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The last time Phil Stover saw a state government writing IOUs to schools was back in 2004.

That was in Fort Lauderdale, Fla. Faced with a cash shortfall after the state was hit by four devastating hurricanes — Charley, Frances, Ivan and Jeanne — Florida lawmakers took that unprecedented step. The IOUs lasted a couple of months, Stover said. Once the state caught up on its finances, it made school districts whole again.

But in San Diego, where Stover now works as deputy superintendent of business at San Diego Unified School District, getting short-changed by the state has become a way of life.

For years now, the state has been getting further and further behind on its payments of tax revenues to schools. Faced with a constant shortfall in cash, Sacramento has steadily increased the amount it has to write in IOUs to school districts and is constantly behind by several months in delivering cash to schools.

What started in 2002 as a one-week delay in getting about $2 billion out to districts has now ballooned into a $10 billion problem statewide.

San Diego Unified alone is currently owed about $70 million. Other smaller local school districts like Grossmont Union High School District and San Marcos Unified are owed tens of millions of dollars apiece — equivalent to around 30 percent of those districts’ entire budgets.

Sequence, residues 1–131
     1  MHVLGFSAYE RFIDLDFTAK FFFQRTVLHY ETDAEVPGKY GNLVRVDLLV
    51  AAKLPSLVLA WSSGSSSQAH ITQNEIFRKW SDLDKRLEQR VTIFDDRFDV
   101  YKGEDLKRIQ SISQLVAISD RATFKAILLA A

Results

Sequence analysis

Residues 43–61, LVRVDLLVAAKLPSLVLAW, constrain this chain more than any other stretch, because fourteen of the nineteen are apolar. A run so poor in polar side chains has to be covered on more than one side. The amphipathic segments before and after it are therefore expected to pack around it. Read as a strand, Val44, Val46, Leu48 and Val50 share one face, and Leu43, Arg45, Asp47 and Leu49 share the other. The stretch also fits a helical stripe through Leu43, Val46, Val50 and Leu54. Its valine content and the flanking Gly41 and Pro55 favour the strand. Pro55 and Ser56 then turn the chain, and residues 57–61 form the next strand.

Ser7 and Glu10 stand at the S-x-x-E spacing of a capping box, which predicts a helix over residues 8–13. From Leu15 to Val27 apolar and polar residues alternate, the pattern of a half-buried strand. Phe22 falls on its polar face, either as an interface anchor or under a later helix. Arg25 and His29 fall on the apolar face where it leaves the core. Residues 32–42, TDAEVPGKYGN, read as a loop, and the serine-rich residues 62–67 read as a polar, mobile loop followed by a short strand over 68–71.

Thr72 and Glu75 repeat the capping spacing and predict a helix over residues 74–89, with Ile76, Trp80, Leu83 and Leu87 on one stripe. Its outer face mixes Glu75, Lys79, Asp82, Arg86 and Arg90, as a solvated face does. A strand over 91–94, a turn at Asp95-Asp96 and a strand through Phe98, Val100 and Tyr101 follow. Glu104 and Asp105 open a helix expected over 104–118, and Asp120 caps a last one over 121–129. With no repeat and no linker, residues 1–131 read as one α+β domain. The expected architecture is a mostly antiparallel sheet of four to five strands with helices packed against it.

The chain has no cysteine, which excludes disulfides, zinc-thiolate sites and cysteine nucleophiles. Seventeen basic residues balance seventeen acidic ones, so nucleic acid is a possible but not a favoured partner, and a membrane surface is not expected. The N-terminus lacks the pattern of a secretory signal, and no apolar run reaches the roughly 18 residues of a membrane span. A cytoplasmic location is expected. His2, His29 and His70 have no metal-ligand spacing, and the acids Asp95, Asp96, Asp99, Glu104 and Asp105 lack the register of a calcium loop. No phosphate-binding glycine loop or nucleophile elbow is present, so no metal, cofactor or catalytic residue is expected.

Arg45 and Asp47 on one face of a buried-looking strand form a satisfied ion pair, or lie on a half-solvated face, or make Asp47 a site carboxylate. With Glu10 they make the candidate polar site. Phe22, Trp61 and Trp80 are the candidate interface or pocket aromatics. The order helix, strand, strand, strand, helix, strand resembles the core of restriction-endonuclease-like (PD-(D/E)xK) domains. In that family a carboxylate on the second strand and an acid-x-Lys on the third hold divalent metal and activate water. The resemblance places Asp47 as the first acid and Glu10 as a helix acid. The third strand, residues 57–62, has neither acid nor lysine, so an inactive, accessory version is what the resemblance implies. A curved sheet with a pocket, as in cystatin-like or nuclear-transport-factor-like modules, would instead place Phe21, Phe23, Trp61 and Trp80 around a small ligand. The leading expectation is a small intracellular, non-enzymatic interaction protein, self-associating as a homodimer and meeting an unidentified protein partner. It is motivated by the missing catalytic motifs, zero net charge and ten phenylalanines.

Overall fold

Though they’re getting IOUs, the districts still have to meet payroll each month and pay all the other expenses involved with keeping schools open. So they borrow cash. Every year, districts across the county have to take out loans for six months or a year to cover the shortfall in payments from the state.

And because borrowing money costs money, school districts now must pay anywhere from tens to hundreds of thousands of dollars each year in interest on those loans and in fees to brokers, redirecting critical funding away from local children and onto Wall Street.

This year, San Diego County school districts will be shortchanged about $650 million by the state, said Lora Duzyk, assistant superintendent of business services at the County Office of Education. Neither the state nor the county has an official estimate of how much it will cost to borrow all that money. But across the county’s dozens of school districts, the price tag will be in the millions.